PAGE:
Moving Through Grief
Tips for Living with Metastatic Breast Cancer
An Essay by Amy Lyn Schnitzler
Amy wrote a powerful essay on living with metastatic breast cancer, originally published on Share Cancer Support in 2019.
I received my metastatic breast cancer diagnosis at 26 years old, on April 11th, 2016. I had just been accepted to my top 3 graduate school programs for Opera Performance and Classical voice the week before and was in the middle of trying to decide between them—all while attempting to process my beloved grandmother’s sudden death on March 30th, 2016. To say this time in my life was “full” is a monstrous understatement. I went from excitedly planning my future to mourning the devastating loss of my grandmother, and the illusion of the control I had over my life, in a matter of seconds.
The cancer diagnosis felt like a cruel joke. I was not overweight, I was not a smoker, I exercised, I valued health and wellness, and I lacked any of the associated high-risk factors for developing this disease, which is thought to typically impact women in their 60’s. I remember expecting to wake up from a terrible dream in the Spring of 2016 and have everything suddenly return to “normal.”
My life course has been forever altered by the insidiousness of cancer. Today I live with Metastatic Breast Cancer, with the disease in my lungs, liver, and brain. This also means I live with anxiety, depression, PTSD, and tremendous grief– grief for the countless losses I’ve already experienced, and the anticipation of how my terminal illness will play out and impact my loved ones. I believe that the experience of living with cancer is inextricably linked to grief. Cancer has a way of stretching and sinking its ugly claws into nearly every aspect of existence. It is a larger-than-life-diagnosis, and it changes so much. In my over three years of living with MBC, I have discovered some tools that allow me to not only cope with all the heaviness associated with the diagnosis, but to lead a life shaped by meaning and purpose.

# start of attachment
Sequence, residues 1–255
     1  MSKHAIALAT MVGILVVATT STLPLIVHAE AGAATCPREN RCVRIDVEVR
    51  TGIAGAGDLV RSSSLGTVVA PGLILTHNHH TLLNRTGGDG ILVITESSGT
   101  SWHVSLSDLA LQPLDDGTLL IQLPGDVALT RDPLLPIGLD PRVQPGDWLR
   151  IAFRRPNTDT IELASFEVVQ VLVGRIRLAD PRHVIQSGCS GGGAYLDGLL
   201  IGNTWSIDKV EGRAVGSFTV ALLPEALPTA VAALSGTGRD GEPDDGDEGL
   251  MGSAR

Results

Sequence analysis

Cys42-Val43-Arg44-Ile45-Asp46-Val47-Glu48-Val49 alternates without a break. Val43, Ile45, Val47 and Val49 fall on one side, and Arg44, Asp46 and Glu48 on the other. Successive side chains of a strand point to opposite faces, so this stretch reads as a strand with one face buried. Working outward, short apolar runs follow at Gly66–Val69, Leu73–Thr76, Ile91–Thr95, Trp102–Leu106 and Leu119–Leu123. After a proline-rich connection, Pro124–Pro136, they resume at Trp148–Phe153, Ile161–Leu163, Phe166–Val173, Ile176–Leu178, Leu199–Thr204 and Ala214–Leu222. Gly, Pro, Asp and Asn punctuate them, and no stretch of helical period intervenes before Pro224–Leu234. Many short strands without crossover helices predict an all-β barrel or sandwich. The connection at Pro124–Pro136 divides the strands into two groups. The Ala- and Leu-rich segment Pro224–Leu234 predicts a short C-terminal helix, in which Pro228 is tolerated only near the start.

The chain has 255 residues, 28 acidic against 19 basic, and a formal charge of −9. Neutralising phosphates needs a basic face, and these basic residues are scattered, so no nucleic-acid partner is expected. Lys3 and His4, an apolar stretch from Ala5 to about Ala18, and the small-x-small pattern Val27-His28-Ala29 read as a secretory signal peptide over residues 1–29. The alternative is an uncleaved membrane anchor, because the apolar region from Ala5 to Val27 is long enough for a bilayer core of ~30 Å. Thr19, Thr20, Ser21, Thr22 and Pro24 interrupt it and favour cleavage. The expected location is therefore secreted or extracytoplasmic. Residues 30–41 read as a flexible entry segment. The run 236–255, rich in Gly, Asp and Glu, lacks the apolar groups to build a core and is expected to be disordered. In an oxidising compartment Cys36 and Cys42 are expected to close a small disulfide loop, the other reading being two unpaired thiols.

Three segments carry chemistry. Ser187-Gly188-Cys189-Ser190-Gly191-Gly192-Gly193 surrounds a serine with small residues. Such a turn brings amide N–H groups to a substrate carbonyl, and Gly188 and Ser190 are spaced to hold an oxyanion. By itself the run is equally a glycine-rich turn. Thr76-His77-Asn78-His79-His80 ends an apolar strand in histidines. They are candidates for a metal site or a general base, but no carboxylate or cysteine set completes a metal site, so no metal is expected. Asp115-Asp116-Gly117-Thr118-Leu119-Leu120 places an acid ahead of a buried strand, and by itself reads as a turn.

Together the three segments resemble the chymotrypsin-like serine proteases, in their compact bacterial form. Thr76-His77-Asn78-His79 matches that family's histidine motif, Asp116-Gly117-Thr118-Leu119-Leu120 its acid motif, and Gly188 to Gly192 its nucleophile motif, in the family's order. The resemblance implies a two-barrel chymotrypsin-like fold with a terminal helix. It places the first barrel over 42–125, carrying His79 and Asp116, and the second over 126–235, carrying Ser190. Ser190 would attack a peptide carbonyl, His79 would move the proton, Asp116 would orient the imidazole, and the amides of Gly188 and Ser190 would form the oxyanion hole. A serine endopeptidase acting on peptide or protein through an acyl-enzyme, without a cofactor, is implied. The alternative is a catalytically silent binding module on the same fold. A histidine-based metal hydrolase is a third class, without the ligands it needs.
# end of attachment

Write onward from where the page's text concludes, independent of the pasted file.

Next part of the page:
1. There is no shame in seeking out therapy and/or medication for management of depression, anxiety, PTSD, grief associated with cancer.
In my experience, the state of my mental health is equally important to that of my physical health. Cancer is as much psychological as it is physical, and oftentimes the two intersect. My cancer is considered hormone receptor positive (HR+), meaning that the female sex hormones fuel its growth. Because of this, my treatment to this point has been largely based on starving my body of estrogen and progesterone to slow down disease progression. As a 26-year-old, being thrust into the “joys” of chemical menopause through drugs like lupron and aromatase inhibitors had devastating effects on not only my body, but my psyche. I gained weight, I developed severe hot flashes, my bones hurt, and my mood became unmanageable. I honestly wanted to die, and I believe some of the despondence I was encountering was due to the rapid physiological transition from “young maiden” to “old crone,” biologically speaking, in addition to processing the sadness and pain around a life interrupted— a life that no longer felt like my own. I ended up in the hospital. I was given mood stabilizers to help me better tolerate menopause and all of its emotional effects, and began Dialectical Behavioral Therapy to help cultivate some much-needed mindfulness in my life. The combination of medication (temporary) and new skills has proven helpful for me, and the techniques I learned in DBT are ones I still use regularly today. I am much more calm and centered today, even in the face of the constant unpredictability and upheaval of life with cancer.
2. Exercise is good for the soul.